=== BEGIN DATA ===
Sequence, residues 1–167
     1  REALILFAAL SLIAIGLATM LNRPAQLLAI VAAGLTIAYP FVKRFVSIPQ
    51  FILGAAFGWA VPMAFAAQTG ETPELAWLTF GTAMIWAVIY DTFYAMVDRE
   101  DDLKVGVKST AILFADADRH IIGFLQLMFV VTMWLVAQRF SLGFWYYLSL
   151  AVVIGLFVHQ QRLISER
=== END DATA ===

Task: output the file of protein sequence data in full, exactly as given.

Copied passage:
Sequence, residues 1–167
     1  REALILFAAL SLIAIGLATM LNRPAQLLAI VAAGLTIAYP FVKRFVSIPQ
    51  FILGAAFGWA VPMAFAAQTG ETPELAWLTF GTAMIWAVIY DTFYAMVDRE
   101  DDLKVGVKST AILFADADRH IIGFLQLMFV VTMWLVAQRF SLGFWYYLSL
   151  AVVIGLFVHQ QRLISER